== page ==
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Greg’s decision to return to full-
The Summer of 2016 brought an invitation to sing with an opera company where it was possible to co-
Carmen has become one of the most globally performed operas but it nearly nearly did not survive ithe original opening week in 1875. Paris audiences were unimpressed; the work broke loose from the classical French style of the time and even worse had a character of dubious morals playing the title role.
Greg sung the title role of Carmen in an all male production of CarMen across July and August in Rochester, London, Hinckley and Manchester.
CarMen was performed as part of a Gender Project that challenged traditional gender stereotypes in opera by casting according to the vocal suitability of the singer rather than by gender. The works recognised and highlighted the place of LGBT relationships in history and culture, even though they are not openly acknowledged in the setting and plotlines of most operas; casting operatic heterosexual relationships as homosexual or lesbian, showing that love and devotion are universal and not limited to traditional perceptions.
Carmen has traditionally been about the worst kind of love; the love of possession and jealousy, of lust and violence. Whilst almost everyone will recognise some of the music the plot may be less familiar. In the traditional opera Carmen is a gypsy who works in a factory, singing that anyone who loves her should beware. When arrested over a fight she seduces Jose, a soldier, to get away; causing him to be imprisoned for allowing her to escape. Seeking out Carmen on his release he joins the band of smugglers she has taken up with, abandoning his mother, his sweetheart and his career. But Carmen quickly bores of his affection and takes up with a bullfighter. In a jealous rage Jose murders her. In the production that Greg appeared in Carmen was a burlesque dancer and Jose a sexually confused man who had led a life dominated by the strict religious upbringing imposed on him by his widowed mother. A farm worker, José had come from the country to 1920’s Seville to get a glimpse of the young burlesque dancer he has idolised from afar, Carmen. But José has a rival for his affections, just as he has in the traditional version of the opera, rather than a toreador in this version Escamillo is an exotic dancer. Finally, and as always, Carmen pays the ultimate price for initially encouraging the adoration of, but eventually spurning José.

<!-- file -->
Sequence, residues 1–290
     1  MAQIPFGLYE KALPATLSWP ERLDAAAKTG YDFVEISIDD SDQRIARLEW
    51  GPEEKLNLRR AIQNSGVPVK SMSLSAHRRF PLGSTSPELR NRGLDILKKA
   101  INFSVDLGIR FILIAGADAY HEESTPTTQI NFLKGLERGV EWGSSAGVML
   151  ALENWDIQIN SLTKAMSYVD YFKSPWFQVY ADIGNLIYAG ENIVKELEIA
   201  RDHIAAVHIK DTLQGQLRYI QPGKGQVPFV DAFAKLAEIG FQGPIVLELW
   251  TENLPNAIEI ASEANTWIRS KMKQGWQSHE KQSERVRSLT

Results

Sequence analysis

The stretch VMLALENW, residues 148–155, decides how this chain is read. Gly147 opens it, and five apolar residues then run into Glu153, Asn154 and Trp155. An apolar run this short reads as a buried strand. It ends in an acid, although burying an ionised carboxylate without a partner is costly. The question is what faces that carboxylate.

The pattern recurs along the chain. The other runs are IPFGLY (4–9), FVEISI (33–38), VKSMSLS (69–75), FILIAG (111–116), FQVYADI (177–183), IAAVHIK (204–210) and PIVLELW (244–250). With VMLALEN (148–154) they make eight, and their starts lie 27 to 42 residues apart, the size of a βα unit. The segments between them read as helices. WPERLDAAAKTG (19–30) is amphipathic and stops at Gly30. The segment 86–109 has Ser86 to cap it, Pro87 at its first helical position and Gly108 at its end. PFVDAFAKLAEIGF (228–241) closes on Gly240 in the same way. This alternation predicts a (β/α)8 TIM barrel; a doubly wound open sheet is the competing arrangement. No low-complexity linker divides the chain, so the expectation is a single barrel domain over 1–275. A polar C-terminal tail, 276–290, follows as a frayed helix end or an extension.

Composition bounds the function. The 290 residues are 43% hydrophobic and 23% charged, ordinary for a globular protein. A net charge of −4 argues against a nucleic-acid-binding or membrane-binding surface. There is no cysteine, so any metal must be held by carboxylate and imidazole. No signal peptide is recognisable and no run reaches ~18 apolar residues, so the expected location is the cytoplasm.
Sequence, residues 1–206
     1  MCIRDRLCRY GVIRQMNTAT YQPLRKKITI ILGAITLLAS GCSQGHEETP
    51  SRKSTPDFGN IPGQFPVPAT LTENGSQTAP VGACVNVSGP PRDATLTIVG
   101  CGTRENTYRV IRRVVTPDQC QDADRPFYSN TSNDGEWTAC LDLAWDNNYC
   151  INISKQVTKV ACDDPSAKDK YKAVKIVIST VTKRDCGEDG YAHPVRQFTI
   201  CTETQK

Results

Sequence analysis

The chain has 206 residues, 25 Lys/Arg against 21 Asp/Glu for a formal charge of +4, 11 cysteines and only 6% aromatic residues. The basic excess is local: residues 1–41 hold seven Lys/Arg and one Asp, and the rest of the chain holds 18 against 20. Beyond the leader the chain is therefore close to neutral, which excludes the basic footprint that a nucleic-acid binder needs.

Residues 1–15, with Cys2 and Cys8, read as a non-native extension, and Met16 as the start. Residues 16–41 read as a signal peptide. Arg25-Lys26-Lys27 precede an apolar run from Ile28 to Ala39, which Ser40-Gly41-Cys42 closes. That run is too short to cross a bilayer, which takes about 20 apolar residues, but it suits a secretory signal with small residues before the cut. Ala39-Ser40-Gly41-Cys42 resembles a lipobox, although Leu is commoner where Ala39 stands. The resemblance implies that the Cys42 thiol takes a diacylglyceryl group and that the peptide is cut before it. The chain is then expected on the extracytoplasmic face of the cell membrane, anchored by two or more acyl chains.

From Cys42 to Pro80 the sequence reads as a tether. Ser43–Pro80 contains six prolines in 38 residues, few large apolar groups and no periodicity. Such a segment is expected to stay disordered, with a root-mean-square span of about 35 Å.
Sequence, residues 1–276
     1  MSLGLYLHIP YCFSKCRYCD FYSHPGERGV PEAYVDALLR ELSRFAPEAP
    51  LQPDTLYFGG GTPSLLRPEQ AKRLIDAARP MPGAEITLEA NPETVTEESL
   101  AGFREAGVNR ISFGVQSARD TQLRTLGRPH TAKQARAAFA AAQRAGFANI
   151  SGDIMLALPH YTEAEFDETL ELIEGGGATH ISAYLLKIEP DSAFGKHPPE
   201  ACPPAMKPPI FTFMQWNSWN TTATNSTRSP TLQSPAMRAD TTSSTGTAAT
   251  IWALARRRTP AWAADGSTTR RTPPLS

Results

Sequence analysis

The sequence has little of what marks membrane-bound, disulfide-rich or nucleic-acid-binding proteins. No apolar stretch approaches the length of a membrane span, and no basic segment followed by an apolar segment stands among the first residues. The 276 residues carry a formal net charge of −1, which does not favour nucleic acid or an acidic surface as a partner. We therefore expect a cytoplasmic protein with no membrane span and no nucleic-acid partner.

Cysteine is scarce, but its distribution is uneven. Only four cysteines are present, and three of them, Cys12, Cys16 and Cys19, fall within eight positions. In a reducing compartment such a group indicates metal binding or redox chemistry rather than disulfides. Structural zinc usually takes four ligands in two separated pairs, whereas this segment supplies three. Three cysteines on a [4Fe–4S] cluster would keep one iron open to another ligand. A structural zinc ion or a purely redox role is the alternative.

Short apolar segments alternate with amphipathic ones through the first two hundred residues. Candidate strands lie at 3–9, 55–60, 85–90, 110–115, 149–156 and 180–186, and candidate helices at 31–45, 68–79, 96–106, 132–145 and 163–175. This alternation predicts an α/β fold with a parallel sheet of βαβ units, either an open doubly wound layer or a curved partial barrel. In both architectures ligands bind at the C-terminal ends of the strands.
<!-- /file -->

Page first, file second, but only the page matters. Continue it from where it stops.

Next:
Carmen’s iconic aria has been part of Greg’s repertoire for some time. It was part of his song set when he performed his Night of Classics tour, singing it in its original French. The production that Greg toured with was performed in English. Greg has also arranged and recorded a version of the aria. Perhaps he was destined to play..
“......wonderful, beautiful performances by excellent performers telling the story of Don Jose and Carmen's relationship through Don Jose's eyes. It's not a story about LGBT themes, or about sex and violence and nudity. It's about love, longing, loss, beauty, jealousy, choices, mistakes, desire, hatred, rage, passion. It's about people.”
“Greg Pritchard's stunning high notes soared as Carmen”